London, January 9 (ANI): Social networking website Facebook has been accused of giving support to convicted Italian mobsters by enabling them to make and maintain their own pages from their cells.
Mafia investigators have revealed that Facebook features profiles of some of the most notorious mafiosi, jailed for crimes ranging from extortion to brutal murders.
They are concerned that such mafia bosses are increasingly becoming online idols, with thousands of fans posting messages of support and lauding them for their gruesome past.
Salvatore 'the Beast' Riina, 78, is said to have over 2,000 subscribers to his Facebook profile, with supporters praising him as a "great" man, and wishing him a Merry Christmas.
The delinquent, who has been behind bars since 1993, was renowned for his cruelty as the 'boss of bosses' of the Sicilian mafia, Cosa Nostra. He is currently serving twelve life sentences for murder, but is believed to still direct mafia activities from inside prison.
His successor Bernardo Provenzano, who currently heads the Sicilian mafia, is also said to have a Facebook profile, with fans honouring "someone who tricked the state for 40 years" and others calling for him to be made a saint.
The presence of their influence on the Internet has outraged relatives of the mobsters' victims, and one of Italy's most senior anti-mafia investigators has said that anyone who signs up to the Facebook sites should be investigated.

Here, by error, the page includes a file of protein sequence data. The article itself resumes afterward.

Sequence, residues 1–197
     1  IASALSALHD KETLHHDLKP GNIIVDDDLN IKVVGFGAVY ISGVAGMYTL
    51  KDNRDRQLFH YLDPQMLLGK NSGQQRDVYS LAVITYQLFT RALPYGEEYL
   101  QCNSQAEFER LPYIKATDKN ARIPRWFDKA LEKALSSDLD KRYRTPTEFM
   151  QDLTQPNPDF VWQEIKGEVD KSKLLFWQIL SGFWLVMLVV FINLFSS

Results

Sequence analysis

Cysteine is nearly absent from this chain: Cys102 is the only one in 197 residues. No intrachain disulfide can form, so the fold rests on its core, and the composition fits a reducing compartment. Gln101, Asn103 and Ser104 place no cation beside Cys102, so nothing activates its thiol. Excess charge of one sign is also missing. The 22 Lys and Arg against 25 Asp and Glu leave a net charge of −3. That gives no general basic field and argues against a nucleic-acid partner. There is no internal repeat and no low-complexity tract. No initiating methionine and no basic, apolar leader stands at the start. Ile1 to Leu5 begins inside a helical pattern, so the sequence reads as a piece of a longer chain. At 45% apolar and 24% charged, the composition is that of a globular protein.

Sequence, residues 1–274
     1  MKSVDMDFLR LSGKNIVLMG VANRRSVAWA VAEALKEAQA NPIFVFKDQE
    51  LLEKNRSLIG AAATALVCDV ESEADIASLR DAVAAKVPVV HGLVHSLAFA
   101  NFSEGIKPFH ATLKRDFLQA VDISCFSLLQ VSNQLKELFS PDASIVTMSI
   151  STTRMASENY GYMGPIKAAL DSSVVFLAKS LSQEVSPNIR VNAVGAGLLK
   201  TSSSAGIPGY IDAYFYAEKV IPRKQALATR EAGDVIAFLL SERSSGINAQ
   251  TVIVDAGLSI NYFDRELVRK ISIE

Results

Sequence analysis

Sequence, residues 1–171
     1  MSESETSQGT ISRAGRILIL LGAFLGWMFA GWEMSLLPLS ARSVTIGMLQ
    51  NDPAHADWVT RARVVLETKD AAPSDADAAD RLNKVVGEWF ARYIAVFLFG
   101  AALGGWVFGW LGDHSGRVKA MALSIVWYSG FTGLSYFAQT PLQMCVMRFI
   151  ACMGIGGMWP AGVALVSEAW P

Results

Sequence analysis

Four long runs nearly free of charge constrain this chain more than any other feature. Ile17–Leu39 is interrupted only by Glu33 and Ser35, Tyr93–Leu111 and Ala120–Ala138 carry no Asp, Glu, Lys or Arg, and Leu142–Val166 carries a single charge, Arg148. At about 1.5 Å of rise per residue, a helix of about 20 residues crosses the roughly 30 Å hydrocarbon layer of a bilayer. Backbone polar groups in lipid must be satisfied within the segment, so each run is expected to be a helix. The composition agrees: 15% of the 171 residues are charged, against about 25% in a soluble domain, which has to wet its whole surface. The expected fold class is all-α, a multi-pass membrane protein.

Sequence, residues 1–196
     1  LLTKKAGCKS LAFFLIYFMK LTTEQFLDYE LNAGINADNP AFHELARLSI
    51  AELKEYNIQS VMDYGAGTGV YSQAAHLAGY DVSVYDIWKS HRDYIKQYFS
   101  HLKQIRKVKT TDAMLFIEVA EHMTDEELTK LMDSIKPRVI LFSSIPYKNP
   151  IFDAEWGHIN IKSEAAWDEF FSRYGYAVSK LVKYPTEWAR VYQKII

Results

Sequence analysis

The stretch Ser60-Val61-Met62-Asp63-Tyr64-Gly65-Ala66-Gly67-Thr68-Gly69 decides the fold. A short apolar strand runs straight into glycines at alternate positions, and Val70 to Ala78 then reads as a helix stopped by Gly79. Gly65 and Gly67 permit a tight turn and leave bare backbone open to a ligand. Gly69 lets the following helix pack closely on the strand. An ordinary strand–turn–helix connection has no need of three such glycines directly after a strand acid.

"With the exception of a small minority of macabre pranksters, these people represent potential mobsters. They belong to the so-called grey zone of people willing to support the bosses and the mafia," the Telegraph quoted Carlo Vizzini, a member of Italy's parliamentary anti-mafia commission, as saying.
Another member of the anti-mafia commission, Giampiero D'Alia, said: "We need to prevent mafia and criminal infiltration of the internet and force Facebook to clear the social network of those who put themselves at the disposition of mafia bosses."
The police, though keeping tabs on Facebook, say that no laws are being broken by people who post messages in praise of mafia gangsters, and that they could only act if supporters posted opinions that could be construed as racial hatred.
A Facebook spokesman told the Ansa news agency: "Facebook is a platform for online discussion and mirrors conversations that take place offline such as on the telephone or via email.
He added: "As such we often see comments, debates and discussions but nevertheless this sort of controversy is not enough of a reason to remove a group or pages from the site." (ANI)